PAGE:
Is Oxford better for cycling than we think?

Is Oxford better for cycling than we think?

By Andy Chivers

You don’t have to go far to see what other places have done for active travel. It is human nature to feel that your own hometown is full of examples of poor design and poor decisions while other places have been braver and more imaginative in making cycling and walking attractive. It is easy to look at pedestrianisation, public transport provision, road filters, cycle priority, safe cycle paths, diverting through traffic and see where Oxford could have done it better compared to other places. 

But we shouldn’t be so quick to condemn Oxfordshire’s policies. This county was an early enthusiast for pedestrianisation and has a good track record for keeping cars out of Oxford city centre. We tend to see the queues of cars in Longwall Street and forget the quiet Merton Lane or even the relative calm of the High St, Turl St, and other beneficiaries of a 30-year history of progressive policies. 

I was reminded of this when I cycled to Warwick, Lichfield and Coventry recently. Each of them have adopted different approaches to encouraging active travel, but in general the levels of car driving remain high. 

In Warwick, the market square was closed to motor traffic because the Mop Fair was on and the High St was full of nose-to-tail cars long into the night with few cycle tracks.

Coventry has a largely pedestrianised centre, creating an interesting environment with fountains and statues and open spaces. But the cost comes in the form of an elevated inner ring road which encloses perhaps 1 sq km including the cathedral and the local museums. There are underpasses and bridges but there is no escaping the noise and fumes. Further out is another ring road and while there are pedestrian and cycle bridges, on the day I cycled out of Coventry at least one bridge was closed and left an impossible dilemma for as I tried to cross a multi lane roundabout to get to a safe road. 

Lichfield has an extensive pedestrianised area and seems to have avoided the worst excess of car parking. The one-way system allows cyclists to feel safer, but they haven’t made use of cycle contraflow as Oxford has and like Queen St and Cornmarket, pedestrianised areas are no-go for bikes.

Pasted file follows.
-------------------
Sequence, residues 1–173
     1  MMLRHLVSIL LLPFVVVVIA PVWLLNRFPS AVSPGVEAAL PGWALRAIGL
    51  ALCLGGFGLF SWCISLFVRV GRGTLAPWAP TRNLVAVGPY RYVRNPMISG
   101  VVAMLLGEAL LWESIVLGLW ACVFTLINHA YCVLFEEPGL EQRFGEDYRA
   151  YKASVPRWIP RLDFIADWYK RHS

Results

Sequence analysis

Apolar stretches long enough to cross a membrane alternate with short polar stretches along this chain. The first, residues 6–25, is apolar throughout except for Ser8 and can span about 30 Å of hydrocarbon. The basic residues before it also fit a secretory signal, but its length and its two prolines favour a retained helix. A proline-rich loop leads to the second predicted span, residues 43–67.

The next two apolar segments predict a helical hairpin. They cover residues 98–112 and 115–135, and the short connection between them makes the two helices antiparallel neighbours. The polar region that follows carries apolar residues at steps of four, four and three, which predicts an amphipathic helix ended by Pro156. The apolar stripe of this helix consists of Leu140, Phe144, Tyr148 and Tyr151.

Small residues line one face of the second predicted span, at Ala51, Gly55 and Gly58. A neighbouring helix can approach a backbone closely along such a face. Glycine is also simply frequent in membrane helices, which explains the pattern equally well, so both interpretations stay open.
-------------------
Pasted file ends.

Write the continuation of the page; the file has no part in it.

Having said that, a little step forward this month was the approval of commercial cargo bike access to Queen St during the day, a recognition of the unique and vital role they will increasingly play in keeping the city supplied. 

So should walkers and cyclists be thankful for such examples of progress? The answer is ‘Yes, but… there is more to be done.’ The world moves on. It is unfortunate that some car drivers feel there is a war against them, though it is true that for several reasons we all need to drive less. At a national level, politicians need to be more explicit about this. Generally our local councillors are open about the need to get people out of cars but is difficult to introduce changes to transport policy which everyone is happy with. A vocal minority can be very persuasive as we have seen with the low traffic neighbourhoods

Perhaps the first step is defining what we want Oxford to look like in 10 years’ time, then work out the steps to getting there. Petrol and diesel engines will be mainly heirlooms, city centre journeys will be by foot, cycle, scooter or small electric shuttle bus. Deliveries will be by e-cargo bike from a local distribution centre. Buses will be the choice for longer journeys and might be free as in some European cities. On-street car parks will be pedestrian spaces and multi storey car parks replaced with flats. The city will enjoy the sound of people rather than cars and businesses will be thriving in a new liveable world.


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